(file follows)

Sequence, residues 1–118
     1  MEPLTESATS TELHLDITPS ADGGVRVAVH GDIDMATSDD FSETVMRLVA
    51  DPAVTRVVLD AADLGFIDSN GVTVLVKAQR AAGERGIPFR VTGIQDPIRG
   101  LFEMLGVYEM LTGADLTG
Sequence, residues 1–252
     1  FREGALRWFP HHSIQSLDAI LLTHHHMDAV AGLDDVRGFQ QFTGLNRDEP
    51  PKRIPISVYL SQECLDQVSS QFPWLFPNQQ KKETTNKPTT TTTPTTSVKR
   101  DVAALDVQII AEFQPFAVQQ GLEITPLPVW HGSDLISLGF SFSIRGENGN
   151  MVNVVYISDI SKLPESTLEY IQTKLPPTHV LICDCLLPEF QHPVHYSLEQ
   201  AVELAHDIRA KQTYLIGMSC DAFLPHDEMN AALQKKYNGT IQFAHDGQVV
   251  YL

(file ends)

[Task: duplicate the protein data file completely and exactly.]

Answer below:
Sequence, residues 1–118
     1  MEPLTESATS TELHLDITPS ADGGVRVAVH GDIDMATSDD FSETVMRLVA
    51  DPAVTRVVLD AADLGFIDSN GVTVLVKAQR AAGERGIPFR VTGIQDPIRG
   101  LFEMLGVYEM LTGADLTG
Sequence, residues 1–252
     1  FREGALRWFP HHSIQSLDAI LLTHHHMDAV AGLDDVRGFQ QFTGLNRDEP
    51  PKRIPISVYL SQECLDQVSS QFPWLFPNQQ KKETTNKPTT TTTPTTSVKR
   101  DVAALDVQII AEFQPFAVQQ GLEITPLPVW HGSDLISLGF SFSIRGENGN
   151  MVNVVYISDI SKLPESTLEY IQTKLPPTHV LICDCLLPEF QHPVHYSLEQ
   201  AVELAHDIRA KQTYLIGMSC DAFLPHDEMN AALQKKYNGT IQFAHDGQVV
   251  YL